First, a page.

Mighty Sound of Maryland

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The Mighty Sound of Maryland
Maryland Terrapins logo.svg
SchoolUniversity of Maryland
LocationCollege Park, MD
ConferenceBig Ten Conference
Founded1908
DirectorAndrea Brown (Associate Director of Bands)
Assistant DirectorCraig Potter (Interim Assistant Director of Bands)
Members265
Fight song"The Victory Song (The University recognizes two songs. This is what is used primarily at sporting events, but is technically known as the Victory Song.)"
Uniform
Maryland Marching Band Uniform.png
WebsiteMighty Sound of Maryland Marching Band

The Mighty Sound of Maryland is the marching band of the University of Maryland. It was founded in 1908 at what was then known as the Maryland Agricultural College. The band performs pregame, halftime, and fifth-quarter shows at all Maryland Terrapins home football games, and travels to at least one away game each year.

History[edit]

Early Years[edit]

For 50 years prior to 1909, the military-style college heard music by the Cadet Corps Drum and Buglers. Then, in 1909, the Maryland Agricultural College prevailed upon Mr. Levi G. Smith, a local violinist, to organize and conduct a band capable of playing for all formal ROTC functions. The result was a 19-piece band, which set up in the barracks behind present day South Campus Dining Hall. It played exclusively for ROTC functions for its first year, but later branched out to other school and community events. By 1927, three student bands were organized, and the bands were first recognized as an official student organization. In 1928, Sgt. Otto Siebeneichen, retired director of the U.S. Army Band, was appointed the first full-time director admitted to the faculty of the University of Maryland.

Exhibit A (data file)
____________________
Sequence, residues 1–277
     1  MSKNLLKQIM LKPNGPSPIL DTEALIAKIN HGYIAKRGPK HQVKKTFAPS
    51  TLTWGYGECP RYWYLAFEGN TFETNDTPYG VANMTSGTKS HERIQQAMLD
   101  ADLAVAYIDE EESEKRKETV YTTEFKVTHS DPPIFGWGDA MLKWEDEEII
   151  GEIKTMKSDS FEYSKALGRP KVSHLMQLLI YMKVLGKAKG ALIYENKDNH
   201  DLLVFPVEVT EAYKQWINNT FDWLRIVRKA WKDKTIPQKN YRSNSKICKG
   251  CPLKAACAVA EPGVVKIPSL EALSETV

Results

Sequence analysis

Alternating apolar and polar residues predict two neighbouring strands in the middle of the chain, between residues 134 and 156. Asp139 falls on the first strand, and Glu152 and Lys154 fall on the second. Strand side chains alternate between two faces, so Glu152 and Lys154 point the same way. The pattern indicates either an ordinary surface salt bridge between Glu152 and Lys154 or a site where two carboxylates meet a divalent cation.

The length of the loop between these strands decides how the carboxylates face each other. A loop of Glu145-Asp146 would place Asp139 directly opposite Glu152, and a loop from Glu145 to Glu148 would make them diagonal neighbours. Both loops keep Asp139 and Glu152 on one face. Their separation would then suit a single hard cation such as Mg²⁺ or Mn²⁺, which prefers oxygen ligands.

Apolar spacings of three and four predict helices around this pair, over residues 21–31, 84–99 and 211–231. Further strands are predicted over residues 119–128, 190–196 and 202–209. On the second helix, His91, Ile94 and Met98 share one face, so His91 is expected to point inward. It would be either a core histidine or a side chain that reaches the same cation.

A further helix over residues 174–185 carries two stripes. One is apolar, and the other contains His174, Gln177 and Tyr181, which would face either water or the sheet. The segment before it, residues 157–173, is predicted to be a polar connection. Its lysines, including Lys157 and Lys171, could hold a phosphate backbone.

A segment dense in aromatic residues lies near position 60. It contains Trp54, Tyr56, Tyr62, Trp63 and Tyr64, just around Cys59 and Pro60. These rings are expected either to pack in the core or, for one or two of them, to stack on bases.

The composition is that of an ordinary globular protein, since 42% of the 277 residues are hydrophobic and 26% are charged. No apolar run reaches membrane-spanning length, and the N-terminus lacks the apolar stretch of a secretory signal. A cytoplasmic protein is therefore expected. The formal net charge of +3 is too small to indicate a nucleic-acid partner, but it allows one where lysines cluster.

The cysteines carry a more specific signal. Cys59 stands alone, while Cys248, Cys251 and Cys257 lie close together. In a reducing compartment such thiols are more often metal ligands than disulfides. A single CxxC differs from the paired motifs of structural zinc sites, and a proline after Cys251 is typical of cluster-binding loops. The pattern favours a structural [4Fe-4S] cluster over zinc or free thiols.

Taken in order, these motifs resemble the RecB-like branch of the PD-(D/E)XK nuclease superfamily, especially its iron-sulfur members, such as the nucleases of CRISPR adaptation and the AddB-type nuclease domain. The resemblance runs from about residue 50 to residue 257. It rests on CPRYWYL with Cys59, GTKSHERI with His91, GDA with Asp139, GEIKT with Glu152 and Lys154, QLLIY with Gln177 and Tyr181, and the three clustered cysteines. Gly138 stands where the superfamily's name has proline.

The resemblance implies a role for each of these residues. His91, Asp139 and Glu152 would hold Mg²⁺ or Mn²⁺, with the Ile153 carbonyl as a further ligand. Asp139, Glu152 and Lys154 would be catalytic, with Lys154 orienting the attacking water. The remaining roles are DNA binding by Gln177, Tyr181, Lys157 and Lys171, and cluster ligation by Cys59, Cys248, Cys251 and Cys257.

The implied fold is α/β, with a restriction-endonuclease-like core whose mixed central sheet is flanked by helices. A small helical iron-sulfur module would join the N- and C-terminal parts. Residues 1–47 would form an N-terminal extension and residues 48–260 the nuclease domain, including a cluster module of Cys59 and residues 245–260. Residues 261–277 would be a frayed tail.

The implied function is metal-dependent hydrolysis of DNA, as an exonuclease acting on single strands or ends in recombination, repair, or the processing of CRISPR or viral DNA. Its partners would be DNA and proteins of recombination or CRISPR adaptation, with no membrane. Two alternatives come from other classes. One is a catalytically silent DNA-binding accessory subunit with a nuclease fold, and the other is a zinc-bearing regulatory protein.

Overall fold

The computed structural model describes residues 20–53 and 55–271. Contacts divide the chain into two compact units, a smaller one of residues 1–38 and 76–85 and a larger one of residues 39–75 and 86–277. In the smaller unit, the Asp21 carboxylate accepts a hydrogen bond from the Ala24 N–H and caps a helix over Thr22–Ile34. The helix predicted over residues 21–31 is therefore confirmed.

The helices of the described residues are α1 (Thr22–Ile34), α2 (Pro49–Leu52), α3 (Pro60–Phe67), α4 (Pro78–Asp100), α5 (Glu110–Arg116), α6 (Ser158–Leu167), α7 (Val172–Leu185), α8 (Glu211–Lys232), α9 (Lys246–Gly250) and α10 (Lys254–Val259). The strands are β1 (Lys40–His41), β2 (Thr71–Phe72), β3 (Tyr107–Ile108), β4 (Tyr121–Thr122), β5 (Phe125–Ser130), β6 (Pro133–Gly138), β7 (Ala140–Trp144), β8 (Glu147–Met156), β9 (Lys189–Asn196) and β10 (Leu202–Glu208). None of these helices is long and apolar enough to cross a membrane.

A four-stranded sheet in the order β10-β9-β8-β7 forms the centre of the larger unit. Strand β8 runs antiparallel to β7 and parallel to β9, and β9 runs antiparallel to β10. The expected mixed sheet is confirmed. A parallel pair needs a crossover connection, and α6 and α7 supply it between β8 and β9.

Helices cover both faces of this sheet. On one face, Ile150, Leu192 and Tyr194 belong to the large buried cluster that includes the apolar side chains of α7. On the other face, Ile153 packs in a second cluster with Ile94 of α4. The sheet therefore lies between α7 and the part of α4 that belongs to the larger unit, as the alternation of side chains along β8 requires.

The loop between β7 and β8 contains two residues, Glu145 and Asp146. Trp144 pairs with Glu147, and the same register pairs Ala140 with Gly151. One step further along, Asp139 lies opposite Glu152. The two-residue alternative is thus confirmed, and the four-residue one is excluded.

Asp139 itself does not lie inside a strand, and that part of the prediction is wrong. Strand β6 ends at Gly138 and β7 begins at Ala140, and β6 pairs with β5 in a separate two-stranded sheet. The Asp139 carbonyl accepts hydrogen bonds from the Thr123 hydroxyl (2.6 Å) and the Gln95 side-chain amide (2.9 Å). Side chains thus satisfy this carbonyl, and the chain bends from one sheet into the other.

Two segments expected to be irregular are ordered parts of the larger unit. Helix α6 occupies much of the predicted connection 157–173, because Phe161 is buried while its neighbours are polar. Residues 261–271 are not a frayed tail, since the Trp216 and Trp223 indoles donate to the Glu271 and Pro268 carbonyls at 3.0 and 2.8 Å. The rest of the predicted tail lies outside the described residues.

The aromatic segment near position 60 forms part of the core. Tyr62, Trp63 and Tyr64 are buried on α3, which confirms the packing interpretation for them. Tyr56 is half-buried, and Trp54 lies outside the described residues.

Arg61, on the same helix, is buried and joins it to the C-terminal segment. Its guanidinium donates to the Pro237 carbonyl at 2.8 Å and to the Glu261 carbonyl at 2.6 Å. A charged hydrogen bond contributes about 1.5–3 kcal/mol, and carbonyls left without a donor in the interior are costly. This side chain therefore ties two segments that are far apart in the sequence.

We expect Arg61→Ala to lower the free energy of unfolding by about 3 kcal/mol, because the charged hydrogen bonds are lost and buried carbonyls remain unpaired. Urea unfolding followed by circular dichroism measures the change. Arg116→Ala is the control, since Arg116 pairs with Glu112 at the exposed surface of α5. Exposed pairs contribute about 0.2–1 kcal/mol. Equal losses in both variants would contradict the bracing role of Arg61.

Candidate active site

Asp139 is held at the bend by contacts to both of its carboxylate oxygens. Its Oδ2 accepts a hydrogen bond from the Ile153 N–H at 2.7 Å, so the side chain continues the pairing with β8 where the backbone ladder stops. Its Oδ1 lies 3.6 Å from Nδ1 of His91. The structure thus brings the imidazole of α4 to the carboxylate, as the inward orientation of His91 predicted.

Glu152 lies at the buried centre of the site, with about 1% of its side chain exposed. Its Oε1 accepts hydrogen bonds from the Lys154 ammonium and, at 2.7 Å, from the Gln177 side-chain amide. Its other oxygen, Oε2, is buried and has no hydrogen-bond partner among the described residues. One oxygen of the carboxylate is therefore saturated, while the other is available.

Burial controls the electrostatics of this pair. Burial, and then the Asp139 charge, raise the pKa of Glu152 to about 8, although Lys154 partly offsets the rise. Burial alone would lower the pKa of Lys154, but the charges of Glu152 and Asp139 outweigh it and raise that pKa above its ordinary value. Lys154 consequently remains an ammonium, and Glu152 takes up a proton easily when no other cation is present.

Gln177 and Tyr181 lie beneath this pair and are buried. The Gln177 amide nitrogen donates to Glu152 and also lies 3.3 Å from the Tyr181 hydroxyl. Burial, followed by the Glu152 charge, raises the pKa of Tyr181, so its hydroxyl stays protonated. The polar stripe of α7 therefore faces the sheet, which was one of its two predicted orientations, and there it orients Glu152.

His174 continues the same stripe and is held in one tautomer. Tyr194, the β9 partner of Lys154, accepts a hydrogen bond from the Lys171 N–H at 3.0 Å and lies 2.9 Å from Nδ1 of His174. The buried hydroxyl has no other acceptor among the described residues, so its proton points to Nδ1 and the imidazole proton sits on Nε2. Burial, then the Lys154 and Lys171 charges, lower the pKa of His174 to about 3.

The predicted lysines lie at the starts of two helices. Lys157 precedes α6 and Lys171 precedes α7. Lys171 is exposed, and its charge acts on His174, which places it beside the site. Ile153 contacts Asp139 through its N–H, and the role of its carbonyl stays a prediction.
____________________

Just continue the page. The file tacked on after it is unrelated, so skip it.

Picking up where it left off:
In 1924, the old football stadium was built. It occupied the location where Fraternity Row now stands. The stadium was razed in 1953 so that construction of Frat Row could begin. Women were allowed in the concert bands for the first time in 1937.

Mr. Frank V. Sykora, a graduate of the Imperial Russian Conservatory, directed the bands from 1947-1949. During his tenure, the size of the bands grew to over 100 members and began extensive traveling.

In 1950, the football arena, Byrd Stadium, opened with a win over Navy, and the band was fortunate to gain the guidance of Warrant Officer Robert L. Landers, the conductor of the "Singing Sergeants" as well as the Maryland Red and White Band.

The Music Department at Maryland was established in 1954, led by Homer Ulrich. The university hired Ulrich as the first full-time band director to be member of the music faculty.

Hubert Henderson, hired in 1955, established the band in the Music Department and integrated it as an ensemble (both marching and concert) in the music performance and music education programs. He was assisted by associate directors Norman Heim, Henry Romersa and Acton Ostling, Jr.

Queen Elizabeth visited the campus while touring the U.S.A. in 1957.[1] Her visit was so important that the band was given $10,000 to purchase new uniforms to be used at the football game that she attended.

Henderson left in 1965 and Ostling became the director of bands. John Wakefield was hired to work with Ostling as associate director. When Ostling left in 1968, Wakefield became the director of bands. With the help of associate directors Fred Heath, Jerry Gardner, Dieter Zimmer and L. Richmond Sparks, Wakefield has led the bands to the superior ensembles they are today.